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Third of large companies implementing an internal carbon price

Published May 7, 2021

Third of large companies implementing an internal carbon price

More than a third of large businesses are currently using or plan to use an internal carbon price, according to a CDP survey.

The CDP, a non-profit that runs the world’s environmental disclosure system, conducted the research in 2020 on nearly 6,000 business from 84 countries. The survey found that more than 2,000 of the businesses – representing more than $27trn – are factoring in the cost of carbon into their business plans.

The survey also showed that close to half of the world’s 500 biggest companies have adopted internal carbon pricing, including such names as Microsoft, Ørsted, and Mitsubishi Corporation.

”This is an innovative way for companies to direct investment towards their sustainability growth, using greening measures related only to structural change within themselves. These are not for offsets or an extra few pence per kW to procure green energy. This is about creating a separate account into which to allocate funds to green programmes for the company. This is viewed as innovative, and now there’s a lot more uptake, as the CPD report shows,” said Nick Fedson, sustainability analyst at Alfa Energy Group.

The highest average price was found to be in Europe at $28 per metric ton of CO2e, but the CDP foresees that companies will need to adjust costs higher as more countries bring in carbon pricing regulation and as carbon prices continue to increase in the EUETS.

All the regions surveyed, with the exception of Africa, saw an increase in companies planning to implement or already implementing an internal carbon price in the last two years. Asia in particular had the largest increase, with China alone seeing an increase of 27% in commitment to internal carbon pricing from 2019 to 2020.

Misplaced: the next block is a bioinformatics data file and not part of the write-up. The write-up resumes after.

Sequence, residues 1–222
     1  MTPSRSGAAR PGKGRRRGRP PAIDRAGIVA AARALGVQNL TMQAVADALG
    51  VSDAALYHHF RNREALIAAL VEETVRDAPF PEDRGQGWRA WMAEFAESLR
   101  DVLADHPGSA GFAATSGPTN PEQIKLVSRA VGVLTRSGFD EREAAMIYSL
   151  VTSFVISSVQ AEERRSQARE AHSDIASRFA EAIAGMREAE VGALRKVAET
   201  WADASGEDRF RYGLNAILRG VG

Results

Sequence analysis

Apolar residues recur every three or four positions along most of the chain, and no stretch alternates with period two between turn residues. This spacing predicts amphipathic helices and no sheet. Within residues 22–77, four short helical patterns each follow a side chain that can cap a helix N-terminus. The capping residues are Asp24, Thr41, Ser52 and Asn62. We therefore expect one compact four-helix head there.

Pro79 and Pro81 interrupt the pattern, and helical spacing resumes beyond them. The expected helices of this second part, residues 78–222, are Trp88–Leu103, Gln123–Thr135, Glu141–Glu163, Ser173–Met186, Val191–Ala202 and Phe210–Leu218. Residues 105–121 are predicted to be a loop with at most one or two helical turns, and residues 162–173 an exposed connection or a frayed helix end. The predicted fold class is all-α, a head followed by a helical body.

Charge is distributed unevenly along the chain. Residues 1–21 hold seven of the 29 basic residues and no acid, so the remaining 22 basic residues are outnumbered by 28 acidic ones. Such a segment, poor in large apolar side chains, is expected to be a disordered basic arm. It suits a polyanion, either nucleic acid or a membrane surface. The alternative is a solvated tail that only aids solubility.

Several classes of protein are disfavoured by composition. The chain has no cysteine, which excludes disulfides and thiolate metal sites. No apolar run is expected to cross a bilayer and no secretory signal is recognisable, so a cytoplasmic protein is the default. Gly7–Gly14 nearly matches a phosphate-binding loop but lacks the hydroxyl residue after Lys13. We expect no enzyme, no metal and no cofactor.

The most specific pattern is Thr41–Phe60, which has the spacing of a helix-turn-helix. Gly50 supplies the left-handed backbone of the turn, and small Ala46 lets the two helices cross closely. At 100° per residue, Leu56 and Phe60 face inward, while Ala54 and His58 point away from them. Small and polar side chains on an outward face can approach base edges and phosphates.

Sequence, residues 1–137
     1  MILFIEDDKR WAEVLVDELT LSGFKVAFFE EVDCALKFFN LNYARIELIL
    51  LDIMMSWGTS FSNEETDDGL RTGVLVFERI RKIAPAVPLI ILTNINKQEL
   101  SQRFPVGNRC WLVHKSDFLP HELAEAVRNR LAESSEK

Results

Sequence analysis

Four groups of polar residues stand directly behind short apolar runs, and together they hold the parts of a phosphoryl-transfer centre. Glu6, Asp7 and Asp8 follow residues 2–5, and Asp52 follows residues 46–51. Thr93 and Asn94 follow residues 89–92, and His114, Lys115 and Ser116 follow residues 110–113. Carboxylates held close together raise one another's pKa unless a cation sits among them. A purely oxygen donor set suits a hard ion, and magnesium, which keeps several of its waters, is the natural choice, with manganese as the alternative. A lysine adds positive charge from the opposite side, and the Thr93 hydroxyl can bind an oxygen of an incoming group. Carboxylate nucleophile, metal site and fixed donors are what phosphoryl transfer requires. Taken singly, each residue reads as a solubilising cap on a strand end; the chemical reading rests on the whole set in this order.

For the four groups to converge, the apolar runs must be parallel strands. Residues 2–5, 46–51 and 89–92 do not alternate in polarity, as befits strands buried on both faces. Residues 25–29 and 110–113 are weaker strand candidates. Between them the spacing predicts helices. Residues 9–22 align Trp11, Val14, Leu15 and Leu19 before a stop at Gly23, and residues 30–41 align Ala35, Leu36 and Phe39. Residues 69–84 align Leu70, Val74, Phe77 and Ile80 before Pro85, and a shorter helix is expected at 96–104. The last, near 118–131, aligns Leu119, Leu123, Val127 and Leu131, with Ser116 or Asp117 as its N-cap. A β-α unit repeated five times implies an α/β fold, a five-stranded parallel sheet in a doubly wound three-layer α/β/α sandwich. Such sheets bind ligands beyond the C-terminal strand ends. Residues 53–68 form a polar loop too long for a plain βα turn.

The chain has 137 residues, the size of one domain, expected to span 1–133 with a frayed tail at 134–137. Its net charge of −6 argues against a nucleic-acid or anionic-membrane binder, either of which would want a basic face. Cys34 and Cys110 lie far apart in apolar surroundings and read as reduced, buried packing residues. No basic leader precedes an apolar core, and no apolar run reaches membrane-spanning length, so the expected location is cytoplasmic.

“It’s interesting that companies are doing this voluntarily, they’re not being forced to do this. This isn’t about responding to an externally applied carbon price. They are doing this for good business reasons, but they also see the way the wind’s blowing and taking steps to introduce a carbon price anyway. Any price is likely to be more effective than zero and they’re making it public as well. It raises the bar against which their competitors are judged,” commented Jeremy Nicholson, Alfa Energy Group’s Corporate Affairs Officer.

Most companies cited the need to drive low-carbon investment as a reason for factoring in carbon prices, as well as improved energy efficiency and internal behaviour. Many are also taking other actions to reduce emissions by setting comprehensive emissions reduction targets or using more renewable energy.

Global regulation, current and future, are also a major factor in most companies’ decisions to implement internal carbon pricing. Governments or regulators have put in place or scheduled 64 carbon pricing initiatives s across the world.